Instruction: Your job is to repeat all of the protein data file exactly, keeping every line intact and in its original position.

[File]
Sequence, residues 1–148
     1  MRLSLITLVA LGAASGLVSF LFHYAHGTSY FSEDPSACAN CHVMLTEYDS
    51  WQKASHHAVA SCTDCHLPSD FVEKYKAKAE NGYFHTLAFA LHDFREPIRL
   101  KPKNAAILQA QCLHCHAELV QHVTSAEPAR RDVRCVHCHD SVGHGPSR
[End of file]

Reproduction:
Sequence, residues 1–148
     1  MRLSLITLVA LGAASGLVSF LFHYAHGTSY FSEDPSACAN CHVMLTEYDS
    51  WQKASHHAVA SCTDCHLPSD FVEKYKAKAE NGYFHTLAFA LHDFREPIRL
   101  KPKNAAILQA QCLHCHAELV QHVTSAEPAR RDVRCVHCHD SVGHGPSR